Five tips for building diverse teams in Europe
As part of Samsung NEXT’s mission to drive diversity and inclusion in the tech industry, our Berlin-based team launched an intimate dinner series bringing together a wide variety of investors, founders and operators at relevant tech and D&I conferences to join in discussions on important D&I topics and themes.
The second event in our dinner series saw Samsung NEXT’s Christina Bechhold Russ and Ricardo J. Méndez alongside co-hosts Diversity VC bring together a group of speakers from The Next Web’s roster ahead of the conference in early May.
Themed around the topic of “How to build diverse teams,” speakers shared their thoughts, experiences, and learnings when it came to ensuring that teams are both diverse and inclusive. Here are the top five discussion points from the dinner:
Transparency is key
Companies must create a high level of transparency around their diversity numbers and inclusion metrics. Furthermore, any communication around goals and progress must be consistent and come from the top. Even when something like a major layoff is announced, leadership should share the numbers around the breakdown by diversity type
Age is just a number
Ageism in Europe was considered an important topic not given nearly enough attention, particularly when referring to employees in their 50s. More companies should strive to support workers regardless of age, not just young up and comers. Companies could materially benefit from those employees’ experience and skills in supporting and diversifying their teams.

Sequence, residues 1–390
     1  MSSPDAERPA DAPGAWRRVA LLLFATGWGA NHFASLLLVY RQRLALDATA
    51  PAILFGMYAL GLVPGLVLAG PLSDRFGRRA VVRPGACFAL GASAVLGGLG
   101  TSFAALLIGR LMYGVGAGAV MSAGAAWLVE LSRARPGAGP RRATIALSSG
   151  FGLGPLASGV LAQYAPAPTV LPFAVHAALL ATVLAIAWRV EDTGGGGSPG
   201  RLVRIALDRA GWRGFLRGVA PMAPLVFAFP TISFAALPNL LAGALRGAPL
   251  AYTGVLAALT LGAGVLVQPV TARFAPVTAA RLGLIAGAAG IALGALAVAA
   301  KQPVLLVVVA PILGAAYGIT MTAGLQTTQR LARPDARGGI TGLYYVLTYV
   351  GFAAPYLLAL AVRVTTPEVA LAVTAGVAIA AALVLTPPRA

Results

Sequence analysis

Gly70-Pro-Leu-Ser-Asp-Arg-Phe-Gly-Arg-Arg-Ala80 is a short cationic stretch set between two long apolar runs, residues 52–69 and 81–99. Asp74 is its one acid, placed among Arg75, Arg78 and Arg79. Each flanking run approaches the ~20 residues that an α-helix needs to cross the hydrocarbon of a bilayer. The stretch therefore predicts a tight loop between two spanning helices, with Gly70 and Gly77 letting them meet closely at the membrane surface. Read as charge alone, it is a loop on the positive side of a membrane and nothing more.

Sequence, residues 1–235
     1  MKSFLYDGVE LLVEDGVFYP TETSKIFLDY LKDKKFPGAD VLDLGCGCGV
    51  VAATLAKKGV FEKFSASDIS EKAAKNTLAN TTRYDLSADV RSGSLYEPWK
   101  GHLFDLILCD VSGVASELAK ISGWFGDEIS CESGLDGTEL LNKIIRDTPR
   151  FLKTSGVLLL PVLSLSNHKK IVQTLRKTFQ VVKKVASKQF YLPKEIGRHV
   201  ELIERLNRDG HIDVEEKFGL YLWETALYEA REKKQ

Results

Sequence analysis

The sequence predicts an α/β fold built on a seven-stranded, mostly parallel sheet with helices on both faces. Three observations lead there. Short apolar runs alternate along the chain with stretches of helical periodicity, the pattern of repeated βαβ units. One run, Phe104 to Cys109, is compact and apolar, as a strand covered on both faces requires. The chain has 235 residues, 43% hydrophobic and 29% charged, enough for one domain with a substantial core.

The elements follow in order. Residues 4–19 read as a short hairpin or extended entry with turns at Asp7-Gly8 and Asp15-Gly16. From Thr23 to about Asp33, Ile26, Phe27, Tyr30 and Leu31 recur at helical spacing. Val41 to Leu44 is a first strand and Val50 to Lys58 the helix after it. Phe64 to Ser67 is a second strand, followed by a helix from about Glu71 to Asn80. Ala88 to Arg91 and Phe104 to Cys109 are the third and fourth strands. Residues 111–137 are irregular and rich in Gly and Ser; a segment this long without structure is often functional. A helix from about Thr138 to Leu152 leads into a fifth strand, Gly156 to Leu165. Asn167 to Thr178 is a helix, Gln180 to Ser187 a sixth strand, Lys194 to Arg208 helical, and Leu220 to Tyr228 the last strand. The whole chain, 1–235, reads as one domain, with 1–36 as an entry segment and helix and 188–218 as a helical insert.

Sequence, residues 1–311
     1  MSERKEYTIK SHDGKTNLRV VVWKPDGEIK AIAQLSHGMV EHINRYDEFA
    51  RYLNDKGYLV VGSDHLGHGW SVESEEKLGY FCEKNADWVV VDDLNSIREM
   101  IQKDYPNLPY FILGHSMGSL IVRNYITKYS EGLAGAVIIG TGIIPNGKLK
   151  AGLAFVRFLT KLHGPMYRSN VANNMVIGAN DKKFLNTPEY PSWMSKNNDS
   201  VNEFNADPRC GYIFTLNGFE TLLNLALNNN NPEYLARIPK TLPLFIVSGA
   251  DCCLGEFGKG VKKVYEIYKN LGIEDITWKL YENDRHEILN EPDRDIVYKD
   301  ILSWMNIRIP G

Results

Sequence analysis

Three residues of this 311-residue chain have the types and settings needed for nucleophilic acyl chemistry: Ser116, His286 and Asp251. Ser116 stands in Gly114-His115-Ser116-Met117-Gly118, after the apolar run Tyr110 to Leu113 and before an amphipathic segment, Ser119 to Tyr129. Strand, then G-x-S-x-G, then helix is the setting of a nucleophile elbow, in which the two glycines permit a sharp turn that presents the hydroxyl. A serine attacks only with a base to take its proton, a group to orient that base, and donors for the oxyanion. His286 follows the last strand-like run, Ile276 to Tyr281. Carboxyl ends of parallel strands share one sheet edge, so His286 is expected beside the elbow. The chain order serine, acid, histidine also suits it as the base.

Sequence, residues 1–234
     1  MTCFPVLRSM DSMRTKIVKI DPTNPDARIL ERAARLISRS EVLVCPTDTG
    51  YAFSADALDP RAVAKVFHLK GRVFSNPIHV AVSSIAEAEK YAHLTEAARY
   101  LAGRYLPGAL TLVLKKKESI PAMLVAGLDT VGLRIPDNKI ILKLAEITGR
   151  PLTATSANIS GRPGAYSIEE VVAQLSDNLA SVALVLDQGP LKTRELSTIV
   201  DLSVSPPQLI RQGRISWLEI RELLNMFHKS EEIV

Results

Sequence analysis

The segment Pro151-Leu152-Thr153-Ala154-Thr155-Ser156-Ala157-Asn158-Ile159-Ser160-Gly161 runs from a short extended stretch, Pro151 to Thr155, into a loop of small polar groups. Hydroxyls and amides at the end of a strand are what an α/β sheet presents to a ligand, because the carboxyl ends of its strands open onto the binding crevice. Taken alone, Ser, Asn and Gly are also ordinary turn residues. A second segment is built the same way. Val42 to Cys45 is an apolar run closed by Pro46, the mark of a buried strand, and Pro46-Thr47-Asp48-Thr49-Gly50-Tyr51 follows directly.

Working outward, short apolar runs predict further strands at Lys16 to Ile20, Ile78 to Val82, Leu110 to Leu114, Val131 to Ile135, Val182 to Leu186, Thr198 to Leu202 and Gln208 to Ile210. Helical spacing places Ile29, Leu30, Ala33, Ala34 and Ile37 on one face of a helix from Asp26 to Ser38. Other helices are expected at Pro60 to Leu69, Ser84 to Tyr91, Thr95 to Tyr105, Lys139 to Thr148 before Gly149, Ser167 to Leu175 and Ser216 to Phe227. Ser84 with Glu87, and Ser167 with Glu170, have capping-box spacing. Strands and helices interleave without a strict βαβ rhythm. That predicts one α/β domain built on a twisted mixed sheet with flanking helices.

Universities are a great place to start
Building a diverse team takes time, and companies can test the waters by recruiting university level interns from a broad spectrum of backgrounds and disciplines. Crucially, interns act as the perfect opportunity for companies to get a sense of the personalities that are actually a good fit as opposed to just experience described on a CV.
Inclusion varies greatly from region to region. In the Netherlands, particularly in Amsterdam, there are no “labels” put on people. That said, other regions (such as the Nordics) are viewed as more exclusive and seem to place less emphasis on developing inclusive work cultures.
Know your audience
Teams that are representative of a company’s users have greater connections and understanding that enable them to build better products. Someone’s utopia is someone else’s dystopia; cognitive and experiential variety is important if you want your product or service to resonate broadly.
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